Changes in the money stock (especially credit) affect the capacity of individuals and firms to borrow and, therefore, to spend. Increases in money supply are generally related to increases in spending and this tends to be good for business prospects, particularly if interest rates are falling as the money supply rises. Restrictions on monetary growth normally work in the opposite direction, especially if such restrictions help to generate increases in interest rates which feed through to both consumption and investment, both of which will tend to decline.

As in the case of fiscal policy, government is usually able to manipulate monetary variables in a variety of ways, including taking action in the money markets to influence interest rates and controlling its own spending to influence monetary growth. Once again, however, circumstances tend to dictate how far and in what way government is free to operate. Attempting to boost the economy by allowing the money supply to grow substantially, for instance, threatens to cause inflationary pressures and to increase spending on imports, both of which run counter to government objectives and do little to assist domestic firms. Similarly, policies to boost consumption and investment through lower interest rates, while welcomed generally by industry, offer no guarantee that any additional spending will be on domestically produced goods and services, and also tend to make the financial markets nervous about government commitments to control inflation in the longer term.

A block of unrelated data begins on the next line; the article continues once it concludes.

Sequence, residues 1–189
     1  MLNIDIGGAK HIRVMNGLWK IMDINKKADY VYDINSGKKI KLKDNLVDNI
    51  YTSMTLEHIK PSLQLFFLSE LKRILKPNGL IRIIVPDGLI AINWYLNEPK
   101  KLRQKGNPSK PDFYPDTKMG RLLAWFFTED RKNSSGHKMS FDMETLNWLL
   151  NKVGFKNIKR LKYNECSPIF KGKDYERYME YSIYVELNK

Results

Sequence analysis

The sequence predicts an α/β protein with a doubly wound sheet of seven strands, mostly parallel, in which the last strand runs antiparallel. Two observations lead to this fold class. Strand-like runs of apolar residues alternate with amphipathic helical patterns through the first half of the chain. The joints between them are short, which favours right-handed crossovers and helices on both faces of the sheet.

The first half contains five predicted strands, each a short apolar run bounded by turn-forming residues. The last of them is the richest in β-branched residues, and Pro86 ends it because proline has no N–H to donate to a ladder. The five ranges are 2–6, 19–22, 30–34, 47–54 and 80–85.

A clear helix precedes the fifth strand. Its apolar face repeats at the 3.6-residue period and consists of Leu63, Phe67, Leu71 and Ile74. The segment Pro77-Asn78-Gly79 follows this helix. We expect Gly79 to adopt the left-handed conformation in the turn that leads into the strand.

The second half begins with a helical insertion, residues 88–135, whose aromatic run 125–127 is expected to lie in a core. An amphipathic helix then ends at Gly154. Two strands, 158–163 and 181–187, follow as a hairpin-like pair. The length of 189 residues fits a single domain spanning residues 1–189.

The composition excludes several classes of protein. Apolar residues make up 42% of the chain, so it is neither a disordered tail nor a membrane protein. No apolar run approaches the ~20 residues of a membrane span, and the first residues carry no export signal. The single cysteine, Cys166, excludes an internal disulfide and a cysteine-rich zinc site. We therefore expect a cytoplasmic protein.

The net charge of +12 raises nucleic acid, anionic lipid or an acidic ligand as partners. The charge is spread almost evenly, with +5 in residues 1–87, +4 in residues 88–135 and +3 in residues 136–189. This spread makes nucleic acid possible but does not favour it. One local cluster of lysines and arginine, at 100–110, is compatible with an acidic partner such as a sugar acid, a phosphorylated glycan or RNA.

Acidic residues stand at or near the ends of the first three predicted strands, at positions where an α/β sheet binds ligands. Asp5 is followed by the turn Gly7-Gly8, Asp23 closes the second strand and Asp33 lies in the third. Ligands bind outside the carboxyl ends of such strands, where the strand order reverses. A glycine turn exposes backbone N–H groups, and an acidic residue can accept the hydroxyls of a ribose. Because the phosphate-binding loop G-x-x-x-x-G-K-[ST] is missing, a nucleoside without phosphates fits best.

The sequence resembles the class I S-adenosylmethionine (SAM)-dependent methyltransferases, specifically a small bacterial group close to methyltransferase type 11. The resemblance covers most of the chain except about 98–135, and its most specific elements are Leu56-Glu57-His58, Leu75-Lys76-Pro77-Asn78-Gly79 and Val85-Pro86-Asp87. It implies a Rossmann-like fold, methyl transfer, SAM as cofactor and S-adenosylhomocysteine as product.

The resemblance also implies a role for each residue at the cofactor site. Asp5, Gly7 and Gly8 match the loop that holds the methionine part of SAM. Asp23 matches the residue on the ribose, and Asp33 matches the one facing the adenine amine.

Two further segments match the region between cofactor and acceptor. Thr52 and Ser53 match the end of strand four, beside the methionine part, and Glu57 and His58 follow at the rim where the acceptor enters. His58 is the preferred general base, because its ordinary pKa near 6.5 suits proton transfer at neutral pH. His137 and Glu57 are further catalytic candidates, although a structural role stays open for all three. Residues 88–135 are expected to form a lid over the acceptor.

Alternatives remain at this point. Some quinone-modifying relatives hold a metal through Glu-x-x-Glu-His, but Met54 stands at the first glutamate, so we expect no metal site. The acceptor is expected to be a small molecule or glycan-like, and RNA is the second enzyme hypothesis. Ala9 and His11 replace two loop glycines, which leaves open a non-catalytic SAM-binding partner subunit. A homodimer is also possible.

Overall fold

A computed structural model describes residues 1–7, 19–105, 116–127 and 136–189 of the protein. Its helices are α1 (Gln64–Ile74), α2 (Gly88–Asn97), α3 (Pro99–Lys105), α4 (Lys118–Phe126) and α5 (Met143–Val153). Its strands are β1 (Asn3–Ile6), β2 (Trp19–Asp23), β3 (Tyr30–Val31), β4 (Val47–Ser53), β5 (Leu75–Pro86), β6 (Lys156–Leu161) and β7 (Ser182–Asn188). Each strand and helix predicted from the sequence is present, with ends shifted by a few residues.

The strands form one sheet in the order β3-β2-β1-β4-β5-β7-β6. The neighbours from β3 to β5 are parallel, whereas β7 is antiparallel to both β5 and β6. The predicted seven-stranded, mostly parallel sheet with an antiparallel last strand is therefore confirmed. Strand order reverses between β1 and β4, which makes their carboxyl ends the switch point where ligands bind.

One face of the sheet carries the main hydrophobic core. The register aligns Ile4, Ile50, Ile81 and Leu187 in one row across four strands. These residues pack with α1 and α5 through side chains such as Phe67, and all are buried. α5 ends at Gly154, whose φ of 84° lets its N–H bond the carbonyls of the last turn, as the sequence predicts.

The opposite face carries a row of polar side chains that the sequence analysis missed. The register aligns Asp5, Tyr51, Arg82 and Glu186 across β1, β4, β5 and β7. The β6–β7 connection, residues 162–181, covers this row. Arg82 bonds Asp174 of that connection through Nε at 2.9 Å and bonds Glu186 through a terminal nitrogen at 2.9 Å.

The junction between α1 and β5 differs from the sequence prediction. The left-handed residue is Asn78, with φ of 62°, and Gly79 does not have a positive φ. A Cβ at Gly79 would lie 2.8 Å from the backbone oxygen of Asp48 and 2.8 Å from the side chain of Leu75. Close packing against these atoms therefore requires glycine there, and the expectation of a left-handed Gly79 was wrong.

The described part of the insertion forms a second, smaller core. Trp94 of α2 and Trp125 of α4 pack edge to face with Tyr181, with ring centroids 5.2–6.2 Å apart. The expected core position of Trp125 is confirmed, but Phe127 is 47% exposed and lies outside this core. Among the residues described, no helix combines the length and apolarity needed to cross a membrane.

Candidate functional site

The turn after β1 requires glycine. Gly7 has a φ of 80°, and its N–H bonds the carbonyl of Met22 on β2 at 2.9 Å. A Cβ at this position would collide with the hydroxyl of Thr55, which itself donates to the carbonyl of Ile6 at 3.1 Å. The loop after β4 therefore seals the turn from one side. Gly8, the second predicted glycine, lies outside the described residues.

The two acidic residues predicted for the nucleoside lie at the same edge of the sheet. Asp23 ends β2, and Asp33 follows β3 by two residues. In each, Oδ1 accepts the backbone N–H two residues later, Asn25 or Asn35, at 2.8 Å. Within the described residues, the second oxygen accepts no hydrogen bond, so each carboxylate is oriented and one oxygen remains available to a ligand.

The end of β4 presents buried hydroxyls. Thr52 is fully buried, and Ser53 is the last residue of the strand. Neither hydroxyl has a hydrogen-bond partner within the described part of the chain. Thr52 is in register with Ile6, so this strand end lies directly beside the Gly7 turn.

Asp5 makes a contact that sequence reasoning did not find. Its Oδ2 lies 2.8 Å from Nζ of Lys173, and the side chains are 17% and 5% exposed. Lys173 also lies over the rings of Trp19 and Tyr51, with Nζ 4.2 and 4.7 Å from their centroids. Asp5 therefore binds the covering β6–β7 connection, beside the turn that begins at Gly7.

This nervousness among market dealers reflects the fact that in modern market economies a government’s policies on interest rates and monetary growth cannot be taken in isolation from those of its major trading partners and this operates as an important constraint on government action. The fact is that a reduction in interest rates to boost output and growth in an economy also tends to be reflected in the exchange rate; this usually falls as foreign exchange dealers move funds into those currencies which yield a better return and which also appear a safer investment if the market believes a government is abandoning its counter inflationary policy.

Direct Controls

Fiscal and monetary policies currently represent the chief policy instruments used in modern market economies and hence they have been discussed in some detail. Governments, however, also use a number of other weapons from time to time in their attempts to achieve their macroeconomic objectives. Such weapons, which are designed essentially to achieve a specific objective – such as limiting imports or controlling wage increases – tend to be known as direct controls. Examples of such policies include:

  • Incomes policies, which seek to control inflationary pressures by influencing the rate at which wages and salaries rise.